“Only a crisis — actual or perceived — produces real change.”
This is perhaps Milton Friedman’s foremost insight, and one which has shaped the world over the past five decades.
Friedman — the Nobel Prize winning economist whose free market ideology shaped the Reagan and Thatcher administrations as well as the Pinochet dictatorship — was the pioneer of what Naomi Klein calls the “shock doctrine.” The key insight of the shock doctrine is the parallel between the medical procedure and economic theory — a parallel which Klein illuminates brilliantly. The shocked patient (or citizen) exists in a state of blankness and uncertainty; where the grey matter and neurons seem disconnected from their previous positions and must be rewired; a moment where almost all ideas seem possible and permeable.
To continue Friedman’s quote:
“When that crisis occurs, the actions that are taken depend on the ideas which are lying around.”
At its core, the shock doctrine is a theory of change: a model of how ideas are created, move through and ultimately become adopted by individuals, institutions and society.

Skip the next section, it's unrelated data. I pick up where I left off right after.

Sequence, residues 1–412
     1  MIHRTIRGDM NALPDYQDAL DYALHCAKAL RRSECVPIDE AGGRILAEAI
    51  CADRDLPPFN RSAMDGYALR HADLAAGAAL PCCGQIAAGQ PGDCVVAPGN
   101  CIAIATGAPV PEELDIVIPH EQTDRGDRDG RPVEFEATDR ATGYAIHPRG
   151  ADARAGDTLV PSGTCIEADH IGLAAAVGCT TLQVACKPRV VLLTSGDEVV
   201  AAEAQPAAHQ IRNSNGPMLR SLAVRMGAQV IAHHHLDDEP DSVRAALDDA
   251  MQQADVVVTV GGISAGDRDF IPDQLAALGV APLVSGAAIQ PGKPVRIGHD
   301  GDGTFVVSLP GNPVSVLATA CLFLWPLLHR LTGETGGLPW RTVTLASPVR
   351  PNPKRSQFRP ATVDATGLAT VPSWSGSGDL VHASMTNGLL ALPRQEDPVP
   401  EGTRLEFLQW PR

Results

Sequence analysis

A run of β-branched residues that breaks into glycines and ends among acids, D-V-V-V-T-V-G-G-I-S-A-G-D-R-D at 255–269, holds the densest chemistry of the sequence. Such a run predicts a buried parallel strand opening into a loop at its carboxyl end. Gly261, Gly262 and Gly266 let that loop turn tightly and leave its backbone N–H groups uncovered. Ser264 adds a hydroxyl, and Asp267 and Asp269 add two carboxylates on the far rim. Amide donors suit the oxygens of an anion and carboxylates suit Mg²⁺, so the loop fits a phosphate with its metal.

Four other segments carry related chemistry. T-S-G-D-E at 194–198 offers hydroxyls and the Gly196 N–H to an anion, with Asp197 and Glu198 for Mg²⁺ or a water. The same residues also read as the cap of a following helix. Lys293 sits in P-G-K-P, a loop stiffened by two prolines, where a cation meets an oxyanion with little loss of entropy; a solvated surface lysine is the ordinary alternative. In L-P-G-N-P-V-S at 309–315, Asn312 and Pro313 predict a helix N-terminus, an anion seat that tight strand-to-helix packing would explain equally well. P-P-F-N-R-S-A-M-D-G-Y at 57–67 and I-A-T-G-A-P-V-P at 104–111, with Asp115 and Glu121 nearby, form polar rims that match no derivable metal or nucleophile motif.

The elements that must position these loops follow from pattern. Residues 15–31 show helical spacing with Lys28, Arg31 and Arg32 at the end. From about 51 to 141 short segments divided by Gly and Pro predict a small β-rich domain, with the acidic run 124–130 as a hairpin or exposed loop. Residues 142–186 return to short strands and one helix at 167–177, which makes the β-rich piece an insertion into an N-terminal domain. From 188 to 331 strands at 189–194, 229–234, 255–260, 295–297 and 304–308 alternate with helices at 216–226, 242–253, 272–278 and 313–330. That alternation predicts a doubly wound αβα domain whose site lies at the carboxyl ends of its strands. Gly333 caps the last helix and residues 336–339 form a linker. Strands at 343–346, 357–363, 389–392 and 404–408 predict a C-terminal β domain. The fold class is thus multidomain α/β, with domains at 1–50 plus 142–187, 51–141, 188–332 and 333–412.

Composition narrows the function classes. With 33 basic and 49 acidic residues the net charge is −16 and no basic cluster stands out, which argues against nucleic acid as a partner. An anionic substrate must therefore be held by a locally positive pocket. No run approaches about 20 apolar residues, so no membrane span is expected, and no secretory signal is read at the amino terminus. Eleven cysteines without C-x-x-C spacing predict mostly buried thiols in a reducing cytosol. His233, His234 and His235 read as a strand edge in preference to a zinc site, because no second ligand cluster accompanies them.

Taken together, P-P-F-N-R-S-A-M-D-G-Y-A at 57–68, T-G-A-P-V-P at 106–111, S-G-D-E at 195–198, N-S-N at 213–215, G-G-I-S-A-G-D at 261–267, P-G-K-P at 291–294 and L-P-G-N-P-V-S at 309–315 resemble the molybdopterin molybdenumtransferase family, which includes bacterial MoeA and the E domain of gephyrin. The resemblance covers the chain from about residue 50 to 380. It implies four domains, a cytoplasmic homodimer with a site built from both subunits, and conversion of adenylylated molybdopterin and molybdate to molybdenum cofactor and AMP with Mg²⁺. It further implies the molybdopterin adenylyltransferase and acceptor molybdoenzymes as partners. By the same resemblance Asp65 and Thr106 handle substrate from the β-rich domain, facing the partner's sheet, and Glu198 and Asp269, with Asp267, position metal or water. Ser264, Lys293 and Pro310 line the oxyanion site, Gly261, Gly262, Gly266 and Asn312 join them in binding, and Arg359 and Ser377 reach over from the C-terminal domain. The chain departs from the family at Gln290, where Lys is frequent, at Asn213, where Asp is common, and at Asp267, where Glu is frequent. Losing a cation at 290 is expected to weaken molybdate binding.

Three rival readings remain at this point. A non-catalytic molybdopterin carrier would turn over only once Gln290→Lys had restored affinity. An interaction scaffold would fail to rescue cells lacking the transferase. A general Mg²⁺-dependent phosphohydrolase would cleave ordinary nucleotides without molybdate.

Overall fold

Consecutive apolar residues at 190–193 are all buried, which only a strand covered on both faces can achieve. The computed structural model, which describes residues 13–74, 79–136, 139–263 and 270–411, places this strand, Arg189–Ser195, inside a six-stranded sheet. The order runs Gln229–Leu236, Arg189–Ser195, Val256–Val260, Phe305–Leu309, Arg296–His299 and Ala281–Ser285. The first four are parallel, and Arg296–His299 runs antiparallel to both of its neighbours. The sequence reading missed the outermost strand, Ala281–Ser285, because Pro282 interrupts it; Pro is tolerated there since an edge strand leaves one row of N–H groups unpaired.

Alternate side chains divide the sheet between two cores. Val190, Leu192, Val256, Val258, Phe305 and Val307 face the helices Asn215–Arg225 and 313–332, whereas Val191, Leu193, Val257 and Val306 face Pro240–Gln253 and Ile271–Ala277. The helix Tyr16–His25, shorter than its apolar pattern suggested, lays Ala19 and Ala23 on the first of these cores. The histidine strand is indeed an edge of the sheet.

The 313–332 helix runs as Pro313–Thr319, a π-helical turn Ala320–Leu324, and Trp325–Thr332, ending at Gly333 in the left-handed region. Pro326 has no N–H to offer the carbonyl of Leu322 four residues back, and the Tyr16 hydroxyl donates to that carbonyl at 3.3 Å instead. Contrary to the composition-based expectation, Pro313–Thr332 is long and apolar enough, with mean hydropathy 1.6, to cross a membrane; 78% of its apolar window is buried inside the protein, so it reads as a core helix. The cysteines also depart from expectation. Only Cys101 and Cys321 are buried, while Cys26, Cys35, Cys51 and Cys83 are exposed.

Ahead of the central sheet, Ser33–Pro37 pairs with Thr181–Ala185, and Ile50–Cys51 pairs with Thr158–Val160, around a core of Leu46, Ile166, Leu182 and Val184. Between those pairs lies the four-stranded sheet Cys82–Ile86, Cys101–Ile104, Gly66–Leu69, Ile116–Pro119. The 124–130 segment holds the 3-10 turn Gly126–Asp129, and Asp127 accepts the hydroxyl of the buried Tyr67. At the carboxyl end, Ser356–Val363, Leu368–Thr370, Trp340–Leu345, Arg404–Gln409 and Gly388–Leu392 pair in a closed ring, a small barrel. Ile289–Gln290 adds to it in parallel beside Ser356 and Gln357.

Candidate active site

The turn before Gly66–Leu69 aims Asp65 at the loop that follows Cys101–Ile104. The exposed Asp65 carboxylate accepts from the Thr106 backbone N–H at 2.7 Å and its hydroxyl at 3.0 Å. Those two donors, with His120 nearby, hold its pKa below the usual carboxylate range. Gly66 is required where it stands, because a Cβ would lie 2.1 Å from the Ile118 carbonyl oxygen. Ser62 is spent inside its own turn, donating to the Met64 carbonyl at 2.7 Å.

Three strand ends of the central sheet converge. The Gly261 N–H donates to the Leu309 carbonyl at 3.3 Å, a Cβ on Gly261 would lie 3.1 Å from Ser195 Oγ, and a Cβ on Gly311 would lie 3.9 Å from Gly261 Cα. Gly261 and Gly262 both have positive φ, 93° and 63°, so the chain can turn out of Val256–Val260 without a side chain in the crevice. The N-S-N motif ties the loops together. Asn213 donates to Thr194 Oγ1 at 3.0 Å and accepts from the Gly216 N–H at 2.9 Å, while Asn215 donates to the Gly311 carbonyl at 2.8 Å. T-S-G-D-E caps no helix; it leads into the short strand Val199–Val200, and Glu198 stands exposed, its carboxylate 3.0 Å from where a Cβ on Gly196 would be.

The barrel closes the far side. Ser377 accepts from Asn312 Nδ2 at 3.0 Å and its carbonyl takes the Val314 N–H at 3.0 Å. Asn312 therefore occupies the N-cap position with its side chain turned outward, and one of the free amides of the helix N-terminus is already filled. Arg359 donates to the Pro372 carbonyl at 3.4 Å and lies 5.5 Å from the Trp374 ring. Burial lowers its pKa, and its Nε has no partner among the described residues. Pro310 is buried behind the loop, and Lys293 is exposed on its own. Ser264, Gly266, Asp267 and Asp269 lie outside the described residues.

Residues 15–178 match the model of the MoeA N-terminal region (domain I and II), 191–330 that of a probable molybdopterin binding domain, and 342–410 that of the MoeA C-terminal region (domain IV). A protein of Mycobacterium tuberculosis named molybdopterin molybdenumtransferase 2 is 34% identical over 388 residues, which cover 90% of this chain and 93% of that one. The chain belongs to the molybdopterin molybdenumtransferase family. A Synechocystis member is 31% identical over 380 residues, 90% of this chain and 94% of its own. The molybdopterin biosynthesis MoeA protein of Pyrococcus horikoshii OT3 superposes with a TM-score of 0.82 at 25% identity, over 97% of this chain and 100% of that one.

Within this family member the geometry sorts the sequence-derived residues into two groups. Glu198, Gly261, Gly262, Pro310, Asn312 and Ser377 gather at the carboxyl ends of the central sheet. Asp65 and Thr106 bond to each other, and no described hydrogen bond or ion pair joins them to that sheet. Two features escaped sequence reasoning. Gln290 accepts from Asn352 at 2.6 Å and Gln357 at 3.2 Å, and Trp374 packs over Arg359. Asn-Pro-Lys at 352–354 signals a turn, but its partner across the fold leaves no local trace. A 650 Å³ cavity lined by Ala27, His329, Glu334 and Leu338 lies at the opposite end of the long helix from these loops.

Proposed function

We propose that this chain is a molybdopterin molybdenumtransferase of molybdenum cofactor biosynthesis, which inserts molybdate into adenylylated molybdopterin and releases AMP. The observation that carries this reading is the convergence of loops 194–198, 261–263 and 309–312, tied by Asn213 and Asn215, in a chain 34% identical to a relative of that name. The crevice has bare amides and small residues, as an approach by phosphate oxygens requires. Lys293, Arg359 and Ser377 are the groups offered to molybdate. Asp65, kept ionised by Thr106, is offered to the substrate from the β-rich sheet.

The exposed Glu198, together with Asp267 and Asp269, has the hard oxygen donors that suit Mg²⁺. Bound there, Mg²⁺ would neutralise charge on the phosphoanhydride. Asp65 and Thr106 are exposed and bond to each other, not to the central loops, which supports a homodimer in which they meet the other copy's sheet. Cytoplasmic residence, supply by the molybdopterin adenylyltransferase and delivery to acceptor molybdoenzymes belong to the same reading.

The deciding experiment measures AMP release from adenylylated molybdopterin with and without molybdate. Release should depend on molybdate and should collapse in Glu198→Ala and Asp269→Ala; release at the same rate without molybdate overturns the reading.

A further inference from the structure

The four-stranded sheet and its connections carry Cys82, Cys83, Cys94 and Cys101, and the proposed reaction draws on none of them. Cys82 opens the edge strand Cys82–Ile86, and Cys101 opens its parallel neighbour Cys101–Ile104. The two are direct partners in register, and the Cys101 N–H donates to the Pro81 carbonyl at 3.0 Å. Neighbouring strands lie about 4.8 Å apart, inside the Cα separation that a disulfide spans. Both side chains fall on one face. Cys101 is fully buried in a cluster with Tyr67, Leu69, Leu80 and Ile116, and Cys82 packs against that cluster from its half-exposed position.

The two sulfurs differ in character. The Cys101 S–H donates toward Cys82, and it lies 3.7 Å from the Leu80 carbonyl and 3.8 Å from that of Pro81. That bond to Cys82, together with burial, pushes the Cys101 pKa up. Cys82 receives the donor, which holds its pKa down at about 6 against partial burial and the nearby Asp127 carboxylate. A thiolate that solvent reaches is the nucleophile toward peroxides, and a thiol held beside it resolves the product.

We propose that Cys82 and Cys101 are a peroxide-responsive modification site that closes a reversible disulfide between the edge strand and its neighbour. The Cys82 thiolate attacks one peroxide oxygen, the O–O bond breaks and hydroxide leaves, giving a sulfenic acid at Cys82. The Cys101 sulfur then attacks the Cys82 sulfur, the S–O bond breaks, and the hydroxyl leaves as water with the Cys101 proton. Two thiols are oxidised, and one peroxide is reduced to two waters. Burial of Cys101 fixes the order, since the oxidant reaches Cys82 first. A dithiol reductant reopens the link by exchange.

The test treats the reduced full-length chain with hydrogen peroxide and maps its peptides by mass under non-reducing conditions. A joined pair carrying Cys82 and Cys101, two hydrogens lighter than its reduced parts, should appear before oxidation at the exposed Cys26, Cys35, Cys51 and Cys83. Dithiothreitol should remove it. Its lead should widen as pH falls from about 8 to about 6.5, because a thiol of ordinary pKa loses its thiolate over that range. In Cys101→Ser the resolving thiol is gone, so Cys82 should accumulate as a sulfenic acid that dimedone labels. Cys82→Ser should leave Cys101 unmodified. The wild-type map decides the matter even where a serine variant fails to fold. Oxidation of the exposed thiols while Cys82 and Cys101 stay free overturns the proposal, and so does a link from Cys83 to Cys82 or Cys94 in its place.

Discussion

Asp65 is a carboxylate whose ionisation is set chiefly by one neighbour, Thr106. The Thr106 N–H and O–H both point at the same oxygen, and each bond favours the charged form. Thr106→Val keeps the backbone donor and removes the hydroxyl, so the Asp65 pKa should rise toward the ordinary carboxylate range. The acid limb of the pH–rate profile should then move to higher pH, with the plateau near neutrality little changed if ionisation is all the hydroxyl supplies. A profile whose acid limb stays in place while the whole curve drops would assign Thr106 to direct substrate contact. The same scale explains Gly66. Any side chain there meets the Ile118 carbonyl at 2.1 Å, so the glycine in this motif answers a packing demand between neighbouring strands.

The shock doctrine is a brutal one, as Klein points out. But one should be cautious before being wholly moralistic. If one may offer a defence of Friedman’s ideas — which I do only in an academic capacity — the principle of the shock doctrine is an interpretation of the history of modernity. The French Revolution; the American War of Independence and Civil War; the First and Second World Wars; all marked periods of tremendous change in the ordering of society, with all the reordering shaped by the ideas which were lying around. When those ideas are absent — such as a left-wing response following the 2008 Great Recession — malaise ensues.